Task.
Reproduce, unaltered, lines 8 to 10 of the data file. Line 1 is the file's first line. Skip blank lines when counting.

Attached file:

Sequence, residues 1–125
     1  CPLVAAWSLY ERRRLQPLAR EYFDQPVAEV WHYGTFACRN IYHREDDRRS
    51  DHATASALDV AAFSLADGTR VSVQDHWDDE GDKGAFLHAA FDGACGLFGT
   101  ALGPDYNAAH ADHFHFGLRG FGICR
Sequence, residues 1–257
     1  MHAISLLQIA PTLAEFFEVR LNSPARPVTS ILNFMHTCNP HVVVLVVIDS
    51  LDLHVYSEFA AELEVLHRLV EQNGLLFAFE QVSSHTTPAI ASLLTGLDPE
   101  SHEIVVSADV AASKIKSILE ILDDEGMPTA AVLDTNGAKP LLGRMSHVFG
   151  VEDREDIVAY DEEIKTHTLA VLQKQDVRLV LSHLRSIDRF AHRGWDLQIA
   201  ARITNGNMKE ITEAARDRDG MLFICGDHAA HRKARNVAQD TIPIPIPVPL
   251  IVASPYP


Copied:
   101  SHEIVVSADV AASKIKSILE ILDDEGMPTA AVLDTNGAKP LLGRMSHVFG
   151  VEDREDIVAY DEEIKTHTLA VLQKQDVRLV LSHLRSIDRF AHRGWDLQIA
   201  ARITNGNMKE ITEAARDRDG MLFICGDHAA HRKARNVAQD TIPIPIPVPL